Indonesians generally enjoy being photographed. But, if you are in doubt
or the situation seems awkward, it is polite to ask. Some religious
activities, cockfighting (which is officially banned), eating, and bathing
are inappropriate subjects.
Beware of the strong shadows from the equatorial sun. Late afternoon
and, especially, early morning, provide the most pleasing light and
the richest colors. The only way to deal with the heavy shadows at midday
is to use a fill flash.
The heat and humidity of the tropics is hard on camera equipment. Be
particularly careful when moving equipment from an air-conditioned room
to the muggy outdoors. Moisture will condense on the inside and outside
of the camera, Wait until it evaporates; don't be tempted to wipe it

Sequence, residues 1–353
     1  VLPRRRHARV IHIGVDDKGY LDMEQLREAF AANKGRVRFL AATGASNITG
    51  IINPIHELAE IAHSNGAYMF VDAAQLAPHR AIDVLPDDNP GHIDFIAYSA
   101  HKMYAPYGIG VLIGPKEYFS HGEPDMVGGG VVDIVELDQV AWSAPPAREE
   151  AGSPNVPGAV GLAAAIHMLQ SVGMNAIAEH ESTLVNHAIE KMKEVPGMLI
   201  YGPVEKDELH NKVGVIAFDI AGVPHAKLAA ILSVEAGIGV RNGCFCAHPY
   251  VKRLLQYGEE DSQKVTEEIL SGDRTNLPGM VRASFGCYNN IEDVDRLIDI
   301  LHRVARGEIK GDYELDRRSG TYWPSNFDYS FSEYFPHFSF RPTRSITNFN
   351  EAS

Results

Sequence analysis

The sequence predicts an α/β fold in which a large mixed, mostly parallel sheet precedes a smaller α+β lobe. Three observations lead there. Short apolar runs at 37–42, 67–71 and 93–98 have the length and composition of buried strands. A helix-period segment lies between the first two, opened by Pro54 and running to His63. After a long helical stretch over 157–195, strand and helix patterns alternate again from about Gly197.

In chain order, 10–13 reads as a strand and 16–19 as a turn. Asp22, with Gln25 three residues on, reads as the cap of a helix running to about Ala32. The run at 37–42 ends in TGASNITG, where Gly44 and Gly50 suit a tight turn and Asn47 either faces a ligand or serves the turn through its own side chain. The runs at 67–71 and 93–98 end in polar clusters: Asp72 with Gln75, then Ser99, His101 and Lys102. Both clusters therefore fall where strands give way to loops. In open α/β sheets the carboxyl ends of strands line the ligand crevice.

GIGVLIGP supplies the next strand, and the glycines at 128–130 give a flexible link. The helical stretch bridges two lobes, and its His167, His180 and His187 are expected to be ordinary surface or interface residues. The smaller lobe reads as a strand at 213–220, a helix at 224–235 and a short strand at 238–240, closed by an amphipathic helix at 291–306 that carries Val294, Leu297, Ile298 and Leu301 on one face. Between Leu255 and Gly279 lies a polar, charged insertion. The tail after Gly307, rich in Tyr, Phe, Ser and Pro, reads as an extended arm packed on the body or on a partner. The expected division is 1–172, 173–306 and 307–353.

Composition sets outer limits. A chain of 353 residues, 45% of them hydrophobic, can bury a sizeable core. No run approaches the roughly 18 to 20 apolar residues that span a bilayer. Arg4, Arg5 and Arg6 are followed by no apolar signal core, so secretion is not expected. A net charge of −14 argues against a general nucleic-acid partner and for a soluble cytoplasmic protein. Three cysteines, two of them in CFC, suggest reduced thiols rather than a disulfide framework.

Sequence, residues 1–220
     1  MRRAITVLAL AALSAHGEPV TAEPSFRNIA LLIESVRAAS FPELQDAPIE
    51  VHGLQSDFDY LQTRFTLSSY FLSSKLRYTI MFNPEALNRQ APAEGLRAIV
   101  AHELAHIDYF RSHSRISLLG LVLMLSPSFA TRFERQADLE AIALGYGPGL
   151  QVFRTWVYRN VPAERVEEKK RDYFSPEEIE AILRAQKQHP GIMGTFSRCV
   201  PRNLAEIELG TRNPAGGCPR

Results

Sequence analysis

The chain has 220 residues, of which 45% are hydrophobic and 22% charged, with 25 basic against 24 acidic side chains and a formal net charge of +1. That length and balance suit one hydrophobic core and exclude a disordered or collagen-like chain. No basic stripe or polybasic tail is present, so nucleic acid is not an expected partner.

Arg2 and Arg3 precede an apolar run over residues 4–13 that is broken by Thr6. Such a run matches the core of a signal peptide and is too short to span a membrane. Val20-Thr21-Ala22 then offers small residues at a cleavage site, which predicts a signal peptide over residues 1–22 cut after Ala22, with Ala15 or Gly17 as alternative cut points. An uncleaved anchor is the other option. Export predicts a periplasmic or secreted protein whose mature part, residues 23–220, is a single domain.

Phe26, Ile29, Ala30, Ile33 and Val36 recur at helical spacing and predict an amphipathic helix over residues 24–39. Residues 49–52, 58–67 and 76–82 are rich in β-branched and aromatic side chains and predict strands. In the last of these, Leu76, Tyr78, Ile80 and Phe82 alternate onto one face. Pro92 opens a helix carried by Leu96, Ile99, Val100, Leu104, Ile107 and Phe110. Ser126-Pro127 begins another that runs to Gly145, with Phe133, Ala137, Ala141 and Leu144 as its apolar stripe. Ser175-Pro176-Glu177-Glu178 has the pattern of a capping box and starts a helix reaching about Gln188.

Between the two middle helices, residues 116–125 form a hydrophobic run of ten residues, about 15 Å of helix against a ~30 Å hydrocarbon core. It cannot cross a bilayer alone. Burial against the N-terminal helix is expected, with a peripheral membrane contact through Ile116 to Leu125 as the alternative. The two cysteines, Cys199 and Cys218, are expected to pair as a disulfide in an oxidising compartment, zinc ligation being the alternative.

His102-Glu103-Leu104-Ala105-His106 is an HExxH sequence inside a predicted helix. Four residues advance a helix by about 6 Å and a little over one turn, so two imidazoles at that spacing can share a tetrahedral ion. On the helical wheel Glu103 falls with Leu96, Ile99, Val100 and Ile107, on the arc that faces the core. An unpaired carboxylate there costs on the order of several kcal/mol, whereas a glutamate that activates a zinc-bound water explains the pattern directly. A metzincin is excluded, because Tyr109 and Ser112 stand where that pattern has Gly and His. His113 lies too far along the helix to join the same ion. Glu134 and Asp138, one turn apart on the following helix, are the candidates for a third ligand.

off. Also, check the location of your camera bag and film. Temperatures
in hot cars or on boats can be searing.
In general, stick with reliable equipment you are familiar with and
bring extra batteries.
Some 35mm Fuji and Kodak film is widely available in Indonesia, including
color print film from ASA 100 to 400 and Ektachrome and Fujichrome 100
ASA daylight transparency film. In larger towns you can buy Fuji Neopan
100 ASA black and-white negative film and Fuji Velvia. Kodachrome (with
processing included) and medium- and large-format emulsions are available
only in Jakarta and Bali.
P.T. Modem Foto is the Fuji agent in Kuta, just opposite the gas station
and Gelael Supermarket. It has fresh film and good E-6 processing. For
prints, there are many instant minim labs with while-you-wait service.
In Denpasar, Tati Photo on JI. Sumatra 10, and Prima Photo on JI. Gajah
Mada 14, have a complete range of equipment and supplies.
You can get dressed in traditional Balinese costumes and have your picture
taken in front of a kitsch backdrop. It's a one hour service and costs
$10. For the best backdrops in Denpasar go to Diamond Foto on JI. Thamrin
5, or JI. Diponegoro 100, Blok A-2.